Media release from OraTaiao: The New Zealand Climate and
At today's hearings on Wellington's draft Regional Land
Transport Plan 2015, Dr Russell Tregonning, Executive Board member
of OraTaiao: The New Zealand Climate and Health Council, called for
an urgent health check of the Wellington region's latest Land
Dr Tregonning, a senior lecturer at Wellington's School of
Medicine, commended the plan's aims for a transport system that is
"resilient, reliable and easy to use" and "seeks to grow public
transport patronage". However, he warned that the plan "could not
achieve these aims by ignoring both climate damage from our fossil
fuel use and our growing epidemic of obesity, diabetes, heart
disease, strokes and other ill-health from inactivity caused by
over-reliance on private transport".
The multi-billion dollar taxpayer and ratepayer-funded plan
concentrates 94 percent of its spending on new roads thus
discouraging active and public transport.
"The plan is heading in the wrong direction at a time when New
Zealand must rapidly reduce greenhouse gas emissions," Dr
"More than a billion dollars for Roads of National Significance in
Wellington city is better invested in all-electric public transport
- with light rail back on the agenda.
"This region urgently needs a high-quality network of frequent,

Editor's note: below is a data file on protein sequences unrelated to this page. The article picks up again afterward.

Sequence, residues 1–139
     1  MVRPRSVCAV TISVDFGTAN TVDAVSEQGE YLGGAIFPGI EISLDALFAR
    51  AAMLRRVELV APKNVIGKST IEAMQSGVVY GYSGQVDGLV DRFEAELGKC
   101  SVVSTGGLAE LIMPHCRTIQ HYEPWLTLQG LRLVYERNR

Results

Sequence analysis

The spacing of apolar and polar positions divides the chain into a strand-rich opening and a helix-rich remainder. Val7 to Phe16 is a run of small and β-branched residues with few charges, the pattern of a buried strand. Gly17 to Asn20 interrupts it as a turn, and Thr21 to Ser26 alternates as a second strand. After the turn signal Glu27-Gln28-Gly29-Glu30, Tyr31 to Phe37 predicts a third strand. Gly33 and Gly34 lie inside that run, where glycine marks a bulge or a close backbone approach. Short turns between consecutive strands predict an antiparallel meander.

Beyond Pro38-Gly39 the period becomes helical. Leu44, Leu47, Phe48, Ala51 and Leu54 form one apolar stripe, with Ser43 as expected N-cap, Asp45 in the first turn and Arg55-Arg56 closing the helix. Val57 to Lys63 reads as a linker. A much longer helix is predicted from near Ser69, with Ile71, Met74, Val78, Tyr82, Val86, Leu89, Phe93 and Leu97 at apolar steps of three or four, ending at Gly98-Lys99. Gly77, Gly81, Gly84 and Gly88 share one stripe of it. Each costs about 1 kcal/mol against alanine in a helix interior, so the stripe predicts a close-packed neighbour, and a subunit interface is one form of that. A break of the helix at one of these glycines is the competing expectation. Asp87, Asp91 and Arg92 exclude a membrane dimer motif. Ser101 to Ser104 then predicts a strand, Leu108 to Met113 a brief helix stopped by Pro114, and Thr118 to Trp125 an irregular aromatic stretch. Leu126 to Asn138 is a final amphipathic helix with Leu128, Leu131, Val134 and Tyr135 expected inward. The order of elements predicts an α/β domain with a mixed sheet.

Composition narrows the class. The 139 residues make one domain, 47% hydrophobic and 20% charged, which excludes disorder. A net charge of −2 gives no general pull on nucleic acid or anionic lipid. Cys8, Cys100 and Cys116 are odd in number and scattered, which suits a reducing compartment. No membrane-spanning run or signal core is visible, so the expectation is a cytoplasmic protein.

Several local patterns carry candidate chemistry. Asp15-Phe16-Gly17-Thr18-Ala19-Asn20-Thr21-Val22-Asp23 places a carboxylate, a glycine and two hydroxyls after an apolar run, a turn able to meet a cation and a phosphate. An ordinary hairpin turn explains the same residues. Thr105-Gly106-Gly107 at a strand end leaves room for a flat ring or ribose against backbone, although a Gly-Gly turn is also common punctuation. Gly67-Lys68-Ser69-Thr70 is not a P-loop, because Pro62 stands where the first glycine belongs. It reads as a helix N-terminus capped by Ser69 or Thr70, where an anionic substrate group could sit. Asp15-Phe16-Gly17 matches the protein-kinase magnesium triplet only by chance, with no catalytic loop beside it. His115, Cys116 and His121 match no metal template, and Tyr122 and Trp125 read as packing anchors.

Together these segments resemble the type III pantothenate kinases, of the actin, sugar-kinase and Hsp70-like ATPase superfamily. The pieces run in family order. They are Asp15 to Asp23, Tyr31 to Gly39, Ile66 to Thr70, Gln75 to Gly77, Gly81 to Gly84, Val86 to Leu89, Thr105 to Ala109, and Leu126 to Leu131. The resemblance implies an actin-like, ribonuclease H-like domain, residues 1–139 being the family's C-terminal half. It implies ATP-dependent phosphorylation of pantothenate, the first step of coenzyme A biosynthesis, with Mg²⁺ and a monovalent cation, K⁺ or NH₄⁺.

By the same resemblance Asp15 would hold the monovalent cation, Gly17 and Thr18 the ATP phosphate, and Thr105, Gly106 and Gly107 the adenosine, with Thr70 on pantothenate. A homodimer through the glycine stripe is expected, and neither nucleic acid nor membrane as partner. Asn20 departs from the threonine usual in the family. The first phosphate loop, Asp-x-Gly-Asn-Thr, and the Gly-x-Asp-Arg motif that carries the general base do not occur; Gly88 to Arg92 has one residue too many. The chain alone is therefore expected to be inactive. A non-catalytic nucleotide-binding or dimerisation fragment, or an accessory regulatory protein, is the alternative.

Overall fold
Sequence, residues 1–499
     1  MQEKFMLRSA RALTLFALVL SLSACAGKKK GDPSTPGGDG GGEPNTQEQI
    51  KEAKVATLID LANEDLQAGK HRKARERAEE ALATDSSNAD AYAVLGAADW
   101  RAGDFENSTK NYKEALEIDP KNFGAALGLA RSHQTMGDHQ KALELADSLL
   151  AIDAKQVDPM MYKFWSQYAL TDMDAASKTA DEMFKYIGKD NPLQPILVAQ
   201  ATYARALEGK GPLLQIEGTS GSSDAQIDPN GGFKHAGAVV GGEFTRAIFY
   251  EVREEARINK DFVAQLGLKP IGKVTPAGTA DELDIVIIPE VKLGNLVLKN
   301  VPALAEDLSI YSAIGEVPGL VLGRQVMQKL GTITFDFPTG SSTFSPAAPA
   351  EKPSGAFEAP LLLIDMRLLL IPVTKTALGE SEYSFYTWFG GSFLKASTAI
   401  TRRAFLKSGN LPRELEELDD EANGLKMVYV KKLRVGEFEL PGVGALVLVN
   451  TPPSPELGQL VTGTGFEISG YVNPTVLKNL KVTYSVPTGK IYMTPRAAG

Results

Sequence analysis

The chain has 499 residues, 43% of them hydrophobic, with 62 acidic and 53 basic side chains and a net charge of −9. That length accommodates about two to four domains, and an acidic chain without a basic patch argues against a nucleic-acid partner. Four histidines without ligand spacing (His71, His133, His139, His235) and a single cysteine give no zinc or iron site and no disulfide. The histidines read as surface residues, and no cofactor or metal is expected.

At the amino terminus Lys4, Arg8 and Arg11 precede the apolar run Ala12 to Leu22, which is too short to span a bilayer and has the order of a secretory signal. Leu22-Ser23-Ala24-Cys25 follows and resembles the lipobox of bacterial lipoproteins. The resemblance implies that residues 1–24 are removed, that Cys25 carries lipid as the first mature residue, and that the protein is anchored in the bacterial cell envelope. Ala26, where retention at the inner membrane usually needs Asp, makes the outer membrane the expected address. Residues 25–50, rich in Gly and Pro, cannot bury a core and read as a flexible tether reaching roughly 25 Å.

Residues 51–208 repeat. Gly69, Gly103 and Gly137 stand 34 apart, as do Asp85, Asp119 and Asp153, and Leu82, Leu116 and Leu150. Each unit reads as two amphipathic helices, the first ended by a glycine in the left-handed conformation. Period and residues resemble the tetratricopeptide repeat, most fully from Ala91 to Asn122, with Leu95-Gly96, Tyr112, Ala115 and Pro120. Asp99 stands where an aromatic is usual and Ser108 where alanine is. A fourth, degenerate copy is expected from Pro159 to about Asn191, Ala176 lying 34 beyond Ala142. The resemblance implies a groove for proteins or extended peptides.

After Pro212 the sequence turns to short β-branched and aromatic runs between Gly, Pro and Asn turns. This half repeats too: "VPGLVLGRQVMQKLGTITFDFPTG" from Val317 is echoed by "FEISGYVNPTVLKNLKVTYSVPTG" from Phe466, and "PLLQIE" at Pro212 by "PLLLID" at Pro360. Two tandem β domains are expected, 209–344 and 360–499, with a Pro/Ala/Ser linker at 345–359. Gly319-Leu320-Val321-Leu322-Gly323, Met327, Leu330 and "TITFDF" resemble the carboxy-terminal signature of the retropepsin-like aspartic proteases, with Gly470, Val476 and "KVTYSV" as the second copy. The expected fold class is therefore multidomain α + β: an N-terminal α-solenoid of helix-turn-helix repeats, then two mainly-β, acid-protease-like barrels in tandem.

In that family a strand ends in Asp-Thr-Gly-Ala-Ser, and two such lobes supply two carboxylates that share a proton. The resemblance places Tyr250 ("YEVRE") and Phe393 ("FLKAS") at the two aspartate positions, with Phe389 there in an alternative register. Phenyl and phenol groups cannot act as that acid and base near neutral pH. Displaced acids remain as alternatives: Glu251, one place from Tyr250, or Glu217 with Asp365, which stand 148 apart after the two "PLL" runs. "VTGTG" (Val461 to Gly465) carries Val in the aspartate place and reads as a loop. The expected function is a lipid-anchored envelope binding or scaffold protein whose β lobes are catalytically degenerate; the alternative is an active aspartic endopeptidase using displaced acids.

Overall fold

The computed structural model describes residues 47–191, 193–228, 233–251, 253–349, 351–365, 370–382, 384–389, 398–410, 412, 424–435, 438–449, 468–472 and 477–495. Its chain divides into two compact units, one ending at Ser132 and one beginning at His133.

high-capacity public transport and safe attractive cycle-ways and
footpaths. We need to play our part in stabilising climate changes
by moving towards a zero emissions transport system - not locking
ourselves into old-style transport that attracts cars, creates
congestion, and damages our health and our future.
"We know that around half of New Zealanders do not get enough
regular exercise, and we know that two-thirds of us struggle to
maintain a healthy weight. The health gains from regular exercise
like walking to work (which includes that involved in public
transport), as well as cycling are well-proven.
"OraTaiao calls for an immediate health impact assessment of this
draft regional transport plan, which analyses the plan's impact on
climate change and health equity. We need a plan that works for
this century, not the tired old thinking of the past."